Lenders that work with bad credit borrowers want to make sure that you don't go broke paying for a car loan. To do this, they look at your monthly income and monthly bills when considering you for financing. We explore the typical income requirements for a car loan, including the minimum income qualification and the debt to income and payment to income ratio requirements. You should know how these work so you can see for yourself if you have enough available income for an auto loan.
Your Budget is Important
When you finance a car, there's more involved than the numbers on the window sticker. Lenders know that the negotiated price of your vehicle is only the beginning, so they want to make sure you have enough available income to afford an auto loan and successfully pay it off.
Your success with a car loan is just as important to lenders as it is to you. Why? If you default on your loan, you lose your vehicle and whatever money you've already put into it. But your lender is losing out, too.
Cars that are repossessed, which typically happens when you default, are usually sold at auction far below their current wholesale value. This means the lender loses money on the sale of the vehicle. Plus, it costs them to hire a recovery company to come and get your car, store it, and send it to auction.
Right now, repossession may be happening rapidly, since inventory is so tight on used cars, so it's important to communicate with your lender before you default on your car loan. It’s really in your lender’s best interest to determine a payment that works for you, to help avoid a default that hurts everyone involved.
How Do Lenders Evaluate Your Income?
When you're taking out a bad credit auto loan, there are certain minimum income requirements you have to meet. This includes a minimum monthly income requirement and having an acceptable debt to income (DTI) and payment to income (PTI) ratios.
Generally, subprime lenders require you to make at least $1,500 to $2,500 a month before taxes from a single income source. If you meet this minimum income requirement, lenders then determine if you have enough income to comfortably pay your car loan by calculating your DTI and PTI ratios.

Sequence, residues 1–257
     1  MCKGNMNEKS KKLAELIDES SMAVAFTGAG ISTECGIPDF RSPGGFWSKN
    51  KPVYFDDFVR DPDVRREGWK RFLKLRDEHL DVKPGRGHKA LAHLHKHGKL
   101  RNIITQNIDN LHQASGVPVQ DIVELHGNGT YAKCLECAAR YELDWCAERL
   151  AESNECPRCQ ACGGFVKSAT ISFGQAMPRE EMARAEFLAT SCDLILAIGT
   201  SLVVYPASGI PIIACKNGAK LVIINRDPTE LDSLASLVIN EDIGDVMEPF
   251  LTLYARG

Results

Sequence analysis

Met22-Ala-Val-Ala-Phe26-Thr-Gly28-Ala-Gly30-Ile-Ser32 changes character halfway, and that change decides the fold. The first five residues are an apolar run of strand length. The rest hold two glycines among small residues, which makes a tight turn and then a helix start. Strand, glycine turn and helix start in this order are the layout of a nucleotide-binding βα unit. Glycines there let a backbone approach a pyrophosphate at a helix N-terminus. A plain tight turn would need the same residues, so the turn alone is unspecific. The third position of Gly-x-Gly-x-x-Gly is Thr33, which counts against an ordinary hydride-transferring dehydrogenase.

The DTI and PTI ratios are two things that let a lender find a car that fits your budget. Your DTI ratio compares your total pre-tax income to your existing bills, while your PTI ratio lets lenders see how much of your available income would be used for your auto loan and car insurance payments combined.
Subprime lenders typically cap your DTI ratio at 45% to 50% of your monthly income, while they generally require PTI ratios to be no more than 15% to 20% of your earnings.
Calculate Your Car Buying Budget
Now that you know what lenders are looking at for income, you need to know how to calculate these ratios yourself so that you're prepared going into the car buying process.
To calculate your DTI ratio, simply add up all your existing bills and payments, including an estimated car loan and insurance payment, and divide that by your gross monthly income. If you get a percentage less than 45% as your answer, you should be in good shape for an auto loan.
For example, if your existing rent or mortgage, credit cards, bills, loans, car payments, and insurance cost you $850 a month, and your pre-tax monthly income is $2,800 a month, you have a DTI ratio of 30% (850 divided by 2,800 equals 0.30, or 30%), which fits a lender's typical DTI ratio requirement.
To calculate your PTI ratio, add up your estimated auto loan and insurance payments and divide that by your gross monthly income. Keep in mind that lenders estimate your car payment, which you can do with an estimated payment calculator. They also generally use an estimate of $100 as a monthly insurance cost, just to be on the safe side.
For example, let's say your combined auto loan and insurance payment is $400. Divide this by your income of $2,800, and you can see that your monthly car and insurance payment accounts for 14% of your monthly income (400 divided by 2,800 equals 0.14, or 14%).
TCC Tip: When you're considering your next auto loan, remember that you have to account for things like gas and maintenance costs, so you should allow room in your budget for both. The further away from the lender’s maximum DTI and PTI ratio caps you are, the more room you’re leaving in your budget for these other costs of car ownership.